Flow Science Lab






Links & Jobs



  1. Tian, F. B., Young, J., Lai, J. C. S., and Thomas, A., Fluid-structure-acoustics Interactions of Bio-inspired Flapping Wings, 01/2020-12/2022, Australian Research Council/Discovery Project.
  2. Ravi, S., Garratt, M., and Tian, F. B., Robust Flight Control Systems for Miniature Lighter-than-air Robots, 01/2020-12/2022, ONRG-BAA.
  3. Tian, F. B., Ravi, S., Young, J., and Wang, L., Accurate and Efficient Calculations of Fractional Flow Reserve in Cardiovascular System, 10/2019-04/2025, Shukun Tech.
  4. Ravi, S., Garratt, M., and Tian, F. B., Compliant Musculoskeletal Actuation in Flying Insects and Bio-inspired Designs for Miniature Robots, 09/2019-09/2022, AOARD.
  5. Tian, F. B., Young, J., Kleine, H., and Ravi, S., Aerodynamic Study of Bicycle Wheels, 09/2019-08/2022, Australian Institute of Sport.
  6. Tian, F. B., and Prakash, R., Computationally investigate thermal behaviour of building materials through varied radiation, 2019, Department of Industry, Innovation and Science -- Innovation Connections Grant.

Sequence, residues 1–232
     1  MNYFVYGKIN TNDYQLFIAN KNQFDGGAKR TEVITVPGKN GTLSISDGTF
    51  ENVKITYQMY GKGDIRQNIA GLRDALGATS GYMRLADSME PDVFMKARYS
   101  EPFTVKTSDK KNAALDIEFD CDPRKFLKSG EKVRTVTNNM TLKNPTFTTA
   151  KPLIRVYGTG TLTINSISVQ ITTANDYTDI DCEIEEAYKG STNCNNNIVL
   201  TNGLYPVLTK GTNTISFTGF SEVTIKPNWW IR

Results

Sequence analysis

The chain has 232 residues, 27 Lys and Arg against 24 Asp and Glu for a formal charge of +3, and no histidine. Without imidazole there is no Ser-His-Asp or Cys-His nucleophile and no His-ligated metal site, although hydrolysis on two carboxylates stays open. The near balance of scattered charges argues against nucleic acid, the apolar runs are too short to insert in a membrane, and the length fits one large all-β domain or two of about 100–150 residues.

7. Neely, A., Kleine, H., Young, J. and Tian, F. B., FIP - Digital Image Correlation Software Suite, 01/2019-12/2019, UNSW Research Infrastructure Scheme.
  8. Xu, Y. Q., Duan, J. Y., Deng, H. B. and Tian, F. B., FSI simulations of the navigation motion of sperm and the associated dynamic mechanism of the motor behavior regulation, 01/2018-12/2021, National Natural Science Foundation of China.
  9. Neely, A., Young, J., Tian, F., Lai, J., de Baar, J. and Wu, D., UNSW Canberra workshop on fluid-structure interaction, Research Workshop Scheme 2018, UNSW Canberra.
  10. Tian, F., Numerical simulations of bushfire and virtual artery surgery, SEIT Discovery Funds 06/2017-06/2019, UNSW Canberra.
  11. Tian, F., Coupled dynamics, UNSW Canberra Silverstar Award 01/2017-12/2017, UNSW Canberra; Coupled FSI dynamics, UNSW Canberra Silverstar Award, 01/2018-12/2018, UNSW Canberra.
  12. Tian, F., Novel modelling of fluid-structure interactions in biological flows, Discovery Early Career Researcher Award (DECRA) 01/2016-12/2018, Australian Research Council.
  13. Tian, F., Novel modelling of fluid-structure interactions in biological flows, UNSW Canberra top-up for ARC DECRA 01/2016-12/2018, UNSW Canberra; Fluid-structure-acoustics Interactions of Bio-inspired Flapping Wings, UNSW Canberra top-up for ARC DP 01/2020-12/2022, UNSW Canberra.